Bob Bingham August 24, 2013 at 2:18 pm

The statistical analysis of the future climate situation always seems to be worse that the climate models. This one of the Arctic iceloss shows a very fast decline. https://sites.google.com/site/arctischepinguin/home/piomas I think to climate models are too cautious and things happen much faster than predicted.
A lot of the science is known and certain. The biggest problem is putting a time scale to it. .

David Lewis August 25, 2013 at 5:34 am

At some point, possibly when civilization starts experiencing this large increase in what people used to see as the most extreme heat events coupled with the appearance of the new extreme 5 sigma events, it will become politically possible to attempt to limit the damage.

At that point people won’t be interested in accepting that there is “no way we can stop it from happening”.

When debates about geoengineering occur, eg: such as this one held recently at Harvard, the stated position coming from all involved is that it would be madness to attempt to employ some of these geoengineering ideas such as reflecting enough solar radiation back out into space to compensate for the warming effect of the extra GHG in the atmosphere which would result in quickly returning the temperature of the planet to what it was pre-industrial or to whatever temperature was desired, without at the same time embarking on radical GHG emission reductions aimed at stabilizing the composition of Earth’s atmosphere or returning it to some previous composition.

Supposing that it is a possibility that political will to aim to stabilize Earth’s atmosphere could exist, and given that damage from the warming that had happened to that point could actually be unacceptable, which is seeming to be increasingly likely, there seems to be a possibility that there will be things we can do to turn the clock back.

The common critique at this point is that no one has come up with an idea on how to turn the clock back on ocean acidification. This effectively rules out any consideration of using geoengineering as a substitute for stabilizing the composition of Earth’s atmosphere at an acceptable level of GHG, but it does not rule out geoengineering.

The original Crutzen paper which legitimized discussion of geoengineering (here) suggested that at the time of writing, geoengineering might already be a necessity due to the massive amount of tropospheric aerosols that an increasingly prosperous formerly developing world will be removing from their total emissions of pollutants. Crutzen proposed deliberate emission of stratospheric aerosol to replace the reflective properties of the supposedly soon to be declining trophospheric aerosols, i.e. changing the mix of what is emitted, given things had gone this far, to keep the planet from warming beyond what civilization could stand.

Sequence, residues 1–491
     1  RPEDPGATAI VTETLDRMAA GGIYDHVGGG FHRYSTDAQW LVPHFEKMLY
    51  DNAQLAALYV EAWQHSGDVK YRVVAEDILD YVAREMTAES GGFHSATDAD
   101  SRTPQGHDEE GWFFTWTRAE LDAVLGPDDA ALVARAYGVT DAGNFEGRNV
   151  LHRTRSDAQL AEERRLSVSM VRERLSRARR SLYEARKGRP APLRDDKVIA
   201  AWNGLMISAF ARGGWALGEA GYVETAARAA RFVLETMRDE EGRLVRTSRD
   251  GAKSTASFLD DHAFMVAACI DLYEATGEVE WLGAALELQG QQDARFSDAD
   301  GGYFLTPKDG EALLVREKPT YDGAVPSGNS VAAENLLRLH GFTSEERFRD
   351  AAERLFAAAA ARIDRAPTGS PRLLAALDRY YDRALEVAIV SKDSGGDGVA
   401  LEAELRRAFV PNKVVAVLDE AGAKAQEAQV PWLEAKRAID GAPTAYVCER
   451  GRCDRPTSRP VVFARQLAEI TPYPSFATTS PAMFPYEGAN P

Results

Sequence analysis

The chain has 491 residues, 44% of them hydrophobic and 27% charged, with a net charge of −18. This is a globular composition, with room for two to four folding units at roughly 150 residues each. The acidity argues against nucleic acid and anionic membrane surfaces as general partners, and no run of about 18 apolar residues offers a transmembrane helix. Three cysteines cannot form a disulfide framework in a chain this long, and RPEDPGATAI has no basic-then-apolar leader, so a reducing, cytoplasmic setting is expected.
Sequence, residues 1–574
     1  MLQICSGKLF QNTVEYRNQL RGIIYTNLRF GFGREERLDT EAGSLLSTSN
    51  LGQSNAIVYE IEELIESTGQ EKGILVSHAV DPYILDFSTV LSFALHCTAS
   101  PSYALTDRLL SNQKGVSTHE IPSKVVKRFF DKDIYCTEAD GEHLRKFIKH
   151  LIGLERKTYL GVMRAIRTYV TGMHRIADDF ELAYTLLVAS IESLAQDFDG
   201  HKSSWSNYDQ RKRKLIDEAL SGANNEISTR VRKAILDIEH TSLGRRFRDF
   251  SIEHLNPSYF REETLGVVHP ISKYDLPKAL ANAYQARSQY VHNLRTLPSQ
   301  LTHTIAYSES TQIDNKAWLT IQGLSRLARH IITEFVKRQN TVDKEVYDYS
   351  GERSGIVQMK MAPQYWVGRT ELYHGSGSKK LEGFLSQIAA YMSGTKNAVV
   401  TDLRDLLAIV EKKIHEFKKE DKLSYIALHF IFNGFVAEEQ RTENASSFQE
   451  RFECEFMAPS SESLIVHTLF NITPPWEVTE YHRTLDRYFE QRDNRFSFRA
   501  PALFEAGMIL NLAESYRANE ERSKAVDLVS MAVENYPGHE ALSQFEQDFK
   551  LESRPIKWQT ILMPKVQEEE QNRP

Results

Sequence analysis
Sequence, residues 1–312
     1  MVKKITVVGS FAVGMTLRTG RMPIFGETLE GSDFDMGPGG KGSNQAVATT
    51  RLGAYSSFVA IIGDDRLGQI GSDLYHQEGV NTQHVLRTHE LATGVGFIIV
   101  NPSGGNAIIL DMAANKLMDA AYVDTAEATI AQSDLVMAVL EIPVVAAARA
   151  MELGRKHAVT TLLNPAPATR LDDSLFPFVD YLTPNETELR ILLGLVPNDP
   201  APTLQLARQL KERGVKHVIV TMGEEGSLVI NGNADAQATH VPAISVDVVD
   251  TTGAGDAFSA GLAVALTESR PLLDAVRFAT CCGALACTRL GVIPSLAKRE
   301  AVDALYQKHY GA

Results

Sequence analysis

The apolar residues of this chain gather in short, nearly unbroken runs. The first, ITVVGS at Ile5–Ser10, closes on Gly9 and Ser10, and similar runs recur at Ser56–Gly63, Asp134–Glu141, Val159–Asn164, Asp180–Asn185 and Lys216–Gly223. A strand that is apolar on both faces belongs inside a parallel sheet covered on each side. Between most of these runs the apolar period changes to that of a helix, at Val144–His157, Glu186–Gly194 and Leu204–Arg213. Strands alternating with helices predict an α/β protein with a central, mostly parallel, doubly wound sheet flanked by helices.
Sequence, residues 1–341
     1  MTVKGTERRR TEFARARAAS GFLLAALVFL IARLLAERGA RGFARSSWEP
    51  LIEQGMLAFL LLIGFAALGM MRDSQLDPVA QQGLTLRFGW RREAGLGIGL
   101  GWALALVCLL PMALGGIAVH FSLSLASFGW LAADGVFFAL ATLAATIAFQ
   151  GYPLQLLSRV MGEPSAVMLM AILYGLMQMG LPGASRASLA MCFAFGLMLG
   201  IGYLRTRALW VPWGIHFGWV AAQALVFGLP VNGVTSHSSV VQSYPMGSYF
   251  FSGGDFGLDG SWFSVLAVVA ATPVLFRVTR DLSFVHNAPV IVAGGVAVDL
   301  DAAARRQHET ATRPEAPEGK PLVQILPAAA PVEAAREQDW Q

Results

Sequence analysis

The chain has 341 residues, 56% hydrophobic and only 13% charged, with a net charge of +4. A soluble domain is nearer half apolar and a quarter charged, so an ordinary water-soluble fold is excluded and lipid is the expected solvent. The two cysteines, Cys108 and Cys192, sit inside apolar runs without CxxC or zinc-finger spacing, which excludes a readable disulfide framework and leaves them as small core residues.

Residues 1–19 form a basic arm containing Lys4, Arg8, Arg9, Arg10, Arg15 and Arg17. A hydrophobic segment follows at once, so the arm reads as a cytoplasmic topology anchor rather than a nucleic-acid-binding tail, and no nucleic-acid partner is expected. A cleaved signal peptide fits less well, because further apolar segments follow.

A Harvard magazine article on the recent geoengineering debate held there is here.

Thomas August 25, 2013 at 10:54 am

San Francisco has declared a ‘state of emergency’ over extreme fires burning now near the Yosemite national park, endangering both the water supply of the city as well as hydro power stations essential for the electric power supply of the metropolis. The fires are 150 miles from the city, but the effects so dangerous that the mayor declared the ‘sate of emergency’.
What will a Sigma 4 or 5 event look like for arid regions like California and the rest of the US south west?

http://www.theguardian.com/world/2013/aug/24/san-francisco-state-emergency-wildfire-yosemite

noelfuller August 25, 2013 at 1:03 pm

I rather enjoyed the way Al Gore put things a few days back:

“The consequences are now hard to escape. Every night on the news, it’s like a nature hike through the book of revelations. Eleven states today are fighting 35 major fires! People are noticing this. And simultaneously they’re noticing the sharp drop in the cost of carbon-free, greenhouse gas-free energy, and the combination is pushing us over this political tipping point and the trend is unstoppable.”

I’m sure you can pick the bit that doubled me over.
Transcript and video here